7. BUSINESS STRATEGY - Comprehending different schools of business strategy, business models, SaaS, new economy models, etc. are precondition for any exec aspiring to obtain position in and be effective in the C suite.
  8. INNOVATION - Knowing the literature of change, creativity, and invention makes executive more effective, both in obtaining position and in delivering performance in that position. New ideas, fames, insights shape the future.
  9. MANAGEMENT DISCIPLINES - The more CFO knows about other management disciplines, the more effective that exec may be. Studying operations management, logistics, corporate law, etc. are all highly relevant.
  10. PERSONAL PRODUCTIVITY - Immersion in the knowledge resources related to communications, interpersonal relations, selfmanagement, emotional intelligence, multiple intelligences, persuasion and negotiation, organization/productivity, etc. is crucial to advancing. This extends to health and fitness, for those execs who have highest energy can and do outperform those with less.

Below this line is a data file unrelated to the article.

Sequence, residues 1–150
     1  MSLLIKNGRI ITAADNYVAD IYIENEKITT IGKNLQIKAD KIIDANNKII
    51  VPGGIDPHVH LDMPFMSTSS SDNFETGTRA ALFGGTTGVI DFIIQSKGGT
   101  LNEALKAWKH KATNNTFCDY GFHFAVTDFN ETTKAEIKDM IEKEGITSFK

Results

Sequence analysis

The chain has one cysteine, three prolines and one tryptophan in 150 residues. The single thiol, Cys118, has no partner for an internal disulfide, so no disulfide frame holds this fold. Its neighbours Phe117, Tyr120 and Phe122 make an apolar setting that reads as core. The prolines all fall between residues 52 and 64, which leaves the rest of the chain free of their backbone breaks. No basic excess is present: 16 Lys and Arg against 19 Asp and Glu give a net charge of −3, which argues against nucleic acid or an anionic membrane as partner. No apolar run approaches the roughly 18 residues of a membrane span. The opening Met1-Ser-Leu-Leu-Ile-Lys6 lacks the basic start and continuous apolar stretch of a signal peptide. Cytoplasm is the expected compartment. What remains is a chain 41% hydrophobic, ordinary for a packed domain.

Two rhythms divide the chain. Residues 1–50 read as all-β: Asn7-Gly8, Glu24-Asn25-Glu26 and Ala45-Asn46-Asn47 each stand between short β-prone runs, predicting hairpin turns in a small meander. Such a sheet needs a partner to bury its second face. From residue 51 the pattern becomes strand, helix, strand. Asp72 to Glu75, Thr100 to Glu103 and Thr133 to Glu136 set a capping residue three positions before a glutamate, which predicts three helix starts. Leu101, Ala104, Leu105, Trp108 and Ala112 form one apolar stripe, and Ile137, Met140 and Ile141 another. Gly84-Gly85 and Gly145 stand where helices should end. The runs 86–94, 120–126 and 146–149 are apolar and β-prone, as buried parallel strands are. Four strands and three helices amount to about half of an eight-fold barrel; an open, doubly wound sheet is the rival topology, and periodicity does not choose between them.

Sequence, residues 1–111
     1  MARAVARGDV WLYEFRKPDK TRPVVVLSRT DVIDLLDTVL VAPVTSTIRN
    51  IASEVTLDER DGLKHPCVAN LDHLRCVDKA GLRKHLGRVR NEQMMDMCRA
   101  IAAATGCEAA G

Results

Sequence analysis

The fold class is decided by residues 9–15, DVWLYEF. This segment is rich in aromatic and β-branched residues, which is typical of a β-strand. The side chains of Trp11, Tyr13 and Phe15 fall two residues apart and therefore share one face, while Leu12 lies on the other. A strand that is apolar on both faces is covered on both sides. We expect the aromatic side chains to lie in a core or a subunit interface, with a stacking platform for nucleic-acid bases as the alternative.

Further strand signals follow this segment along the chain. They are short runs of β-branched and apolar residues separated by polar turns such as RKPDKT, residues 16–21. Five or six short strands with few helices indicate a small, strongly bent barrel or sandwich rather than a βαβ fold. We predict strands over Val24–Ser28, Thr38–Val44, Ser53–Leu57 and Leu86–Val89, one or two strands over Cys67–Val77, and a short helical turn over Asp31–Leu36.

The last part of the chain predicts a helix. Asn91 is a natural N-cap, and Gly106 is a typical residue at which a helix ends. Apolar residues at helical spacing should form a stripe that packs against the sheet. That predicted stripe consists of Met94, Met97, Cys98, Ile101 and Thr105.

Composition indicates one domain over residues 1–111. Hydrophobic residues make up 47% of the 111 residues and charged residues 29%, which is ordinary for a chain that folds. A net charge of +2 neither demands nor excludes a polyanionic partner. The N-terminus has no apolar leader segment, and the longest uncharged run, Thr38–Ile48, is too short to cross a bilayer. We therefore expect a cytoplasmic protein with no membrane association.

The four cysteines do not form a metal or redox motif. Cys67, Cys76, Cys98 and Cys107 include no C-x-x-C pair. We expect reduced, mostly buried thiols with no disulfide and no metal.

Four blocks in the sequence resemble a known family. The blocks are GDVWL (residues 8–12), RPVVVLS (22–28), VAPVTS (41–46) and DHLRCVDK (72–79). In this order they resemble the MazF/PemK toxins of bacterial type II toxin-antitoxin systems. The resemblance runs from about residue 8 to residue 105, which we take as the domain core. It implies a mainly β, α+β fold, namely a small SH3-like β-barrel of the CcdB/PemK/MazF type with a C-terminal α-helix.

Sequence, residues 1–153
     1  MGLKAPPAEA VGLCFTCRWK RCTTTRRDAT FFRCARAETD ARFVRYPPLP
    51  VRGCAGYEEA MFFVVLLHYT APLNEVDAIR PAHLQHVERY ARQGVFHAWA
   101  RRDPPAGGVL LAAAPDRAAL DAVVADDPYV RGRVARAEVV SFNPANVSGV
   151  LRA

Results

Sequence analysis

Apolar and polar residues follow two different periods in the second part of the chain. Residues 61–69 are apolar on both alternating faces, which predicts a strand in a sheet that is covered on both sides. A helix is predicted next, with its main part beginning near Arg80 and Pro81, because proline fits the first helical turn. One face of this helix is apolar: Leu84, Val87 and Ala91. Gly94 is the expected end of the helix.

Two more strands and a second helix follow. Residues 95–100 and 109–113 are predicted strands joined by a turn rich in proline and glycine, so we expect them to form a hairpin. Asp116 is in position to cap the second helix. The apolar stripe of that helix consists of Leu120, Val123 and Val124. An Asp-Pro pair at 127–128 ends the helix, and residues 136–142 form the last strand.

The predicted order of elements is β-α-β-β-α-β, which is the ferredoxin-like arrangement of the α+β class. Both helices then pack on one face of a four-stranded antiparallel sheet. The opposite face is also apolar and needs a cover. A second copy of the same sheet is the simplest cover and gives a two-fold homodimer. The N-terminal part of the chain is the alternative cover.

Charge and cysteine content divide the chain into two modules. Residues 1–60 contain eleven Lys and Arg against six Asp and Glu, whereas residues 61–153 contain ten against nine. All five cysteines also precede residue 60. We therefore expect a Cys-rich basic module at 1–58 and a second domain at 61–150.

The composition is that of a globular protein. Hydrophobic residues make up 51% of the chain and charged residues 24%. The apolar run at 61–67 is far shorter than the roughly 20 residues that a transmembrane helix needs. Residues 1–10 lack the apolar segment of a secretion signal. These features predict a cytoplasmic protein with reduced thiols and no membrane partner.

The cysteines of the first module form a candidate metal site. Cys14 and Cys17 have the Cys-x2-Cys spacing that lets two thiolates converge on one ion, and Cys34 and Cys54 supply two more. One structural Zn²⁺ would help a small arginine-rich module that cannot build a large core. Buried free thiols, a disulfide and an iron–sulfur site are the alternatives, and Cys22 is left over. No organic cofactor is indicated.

11. GLOBAL ECONOMICS AND CULTURE - The CFO needs to understand evolving/changing economics theories, models, competitive positions, applicable at local/state/country/global levels. This extends to sensitivity to and knowledge of other cultures.
  12. COMPETITION - As businesses, governments, places, ideas, business models, and individuals are increasingly competing for ever higher higher stakes, knowing the bases of competition, the preparation and strategies, the focus and attitude is necessary success precondition.

What are your thoughts? How do you "stay on top of your game" in each area?

Comments

Chris Shumate
Title: Accounting Manager
Company: Dominion Development Group, LLC
LinkedIn Profile
(Accounting Manager, Dominion Development Group, LLC) |